The adorable, single-level brick building on the northwest corner of 50th Street and 28th Avenue was home for many years to a Baskin-Robbins ice cream franchise (in the current location of Nokomis Beach Coffee). Janet’s youngest sibling, Joan Strom Johnson, worked at Baskin-Robbins for two years between 1976 and 1978 while in high school. “I was paid $1.65 per hour,” recalls Joan, “and that was a step up from the 50 cents per hour I had been making babysitting!” Joan, a self-described numbers person, remembers that in those days single scoop ice cream cones were 28 cents (cake or sugar cones), double scoops were 50 cents, and malts were 85 cents – all including tax. “We had a lot of traffic right off Lake Nokomis. Though we were open year round, it could get pretty dead in winter. I developed a really strong right arm scooping ice cream!” Most favorite flavors included ‘Charlie Brownie,’ though Joan’s personal favorite was ‘Pralines ‘N Cream’ – topped with hot fudge – which she sometimes enjoyed during her breaks. When asked whether there were Baskin-Robbins customers who were known regulars, Joan replied, “Yes – my brother-in-law Lee! He stopped by frequently pushing his daughter, Sally, in a stroller and would buy himself a malt. Lee would often return after hours and mop the floor. I think he might have been looking for a discount.”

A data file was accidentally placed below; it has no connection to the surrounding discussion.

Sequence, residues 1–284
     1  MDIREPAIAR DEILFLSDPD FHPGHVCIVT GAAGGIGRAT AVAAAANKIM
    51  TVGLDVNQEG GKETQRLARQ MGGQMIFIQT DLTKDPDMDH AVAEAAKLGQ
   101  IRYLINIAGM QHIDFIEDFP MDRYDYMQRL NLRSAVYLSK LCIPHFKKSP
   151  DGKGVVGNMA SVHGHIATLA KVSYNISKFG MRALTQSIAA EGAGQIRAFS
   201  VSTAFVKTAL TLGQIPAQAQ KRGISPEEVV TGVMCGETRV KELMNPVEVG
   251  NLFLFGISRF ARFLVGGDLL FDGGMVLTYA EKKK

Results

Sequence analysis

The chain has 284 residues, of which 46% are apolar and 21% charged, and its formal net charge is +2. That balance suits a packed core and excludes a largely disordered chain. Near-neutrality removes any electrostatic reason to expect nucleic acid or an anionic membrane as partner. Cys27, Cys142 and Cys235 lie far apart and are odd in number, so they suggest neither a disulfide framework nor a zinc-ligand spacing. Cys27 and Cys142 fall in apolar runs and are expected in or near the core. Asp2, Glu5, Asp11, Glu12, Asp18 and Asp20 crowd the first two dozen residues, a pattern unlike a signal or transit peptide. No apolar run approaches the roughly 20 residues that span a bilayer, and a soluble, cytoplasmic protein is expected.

Prior to Baskin-Robbins, the same location housed another neighborhood corner drug store owned by Harry Zimmerman. Alongside Baskin-Robbins – at various times – were located a number of shops. One was called New Beginnings (1970s and 1980s) which, as Janet recalls, was known for – among other things – selling Cabbage Patch supplies. The retro toy store Comet came years later and endured into the early 2000s. Kitty-corner, the attractive building that now houses White Crane Design:Build rests on the former site of Dahl’s Grocery (later Dale’s). Further south on the east side of 28th in what is now Farmer's Insurance - Gretchen Frana, was Zinn’s Grocery, a small grocer and meat market. “Zinn’s was best known by the neighborhood kids as a candy store,” said Janet. “Our daughters loved Zinn’s! It was very popular. The candy section at Zinn’s was almost overwhelming.” Janet’s eldest sibling, Jim Strom, remembers Paul’s, yet another small grocer on the west side of 28th Avenue across from Bossen Field.